Re: Start of game Wrong Ball problem
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Not an easy one so I referred to ACA top referees - Mike Cohn & Liz Fleming.
As a ruling referee or preferably the TR I would have wanted to quiz the players further before giving a definite ruling.
The wrong ball error in the third turn has been claimed and partially rectified, but with R left in a misplaced position (on the court when it should not be). I would therefore treat that error as having been dealt with, though I would want to know why R was left on the court and that would influence my final decision.
A wrong-ball error has been committed on the fourth turn and claimed, so in theory it needs to be rectified. Y would be returned to corner IV and R must then be placed somewhere on baulk. End of turn. That looks like the solution, but I am not convinced it is the proper answer.
As TR I would have very serious questions I would require the answers to:
Why was R left in a misplaced position at the end of turn 3? This is an error under Law 27(i) and if R was left there deliberately, the player is liable for punishment for having deliberately committed an error, though it doesn’t otherwise influence what was done in turn 3. Was R left there deliberately for the purpose of deceiving the opponent? We cannot know, and I don’t think my solution depends on knowing.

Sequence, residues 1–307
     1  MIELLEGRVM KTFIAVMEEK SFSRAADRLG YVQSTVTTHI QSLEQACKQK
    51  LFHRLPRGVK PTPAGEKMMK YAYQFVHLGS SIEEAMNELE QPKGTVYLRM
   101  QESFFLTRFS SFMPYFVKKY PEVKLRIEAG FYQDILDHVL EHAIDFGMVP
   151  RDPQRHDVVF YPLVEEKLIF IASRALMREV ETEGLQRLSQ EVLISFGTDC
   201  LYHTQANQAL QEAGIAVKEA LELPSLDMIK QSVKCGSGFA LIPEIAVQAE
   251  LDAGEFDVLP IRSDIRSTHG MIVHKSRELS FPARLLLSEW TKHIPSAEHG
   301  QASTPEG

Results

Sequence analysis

If R was left there accidentally, because the player did not understand the wrong ball law properly, then R has been left in a misplaced position by the opponent. It looks as though the player of R and Y could claim to have been misled either by the misplacement of a ball (but has R suffered interference?) or by false information supplied by the opponent (but does leaving a ball on the court when it should not be there constitute false information about the state of the game?).
Without being on sight at the time (and assuming this is not some made-up scenario for training purposes by an over enthusiastic individual) I think I would rule that whatever the reason the third turn player left R improperly on the lawn, that has misled the player of the fourth turn. Whether 31(a)(2) or 31(a)(3) applies, or neither applies and I have to invoke Law 55 to argue by analogy, I would allow the player of the fourth turn a replay, taking R off the lawn and playing it into the game properly.
I think it is extremely important that whoever goes back to review this question, the point needs to be covered that the opponent knowing that R was misplaced and being obliged to do something about it; that by failing to do so leaves the player open to penalty.
Aus. Rep. WCF.AC.LC
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On Wed, 10 Apr 2019 at 17:43, Tim Murphy <croquetscores@...> wrote: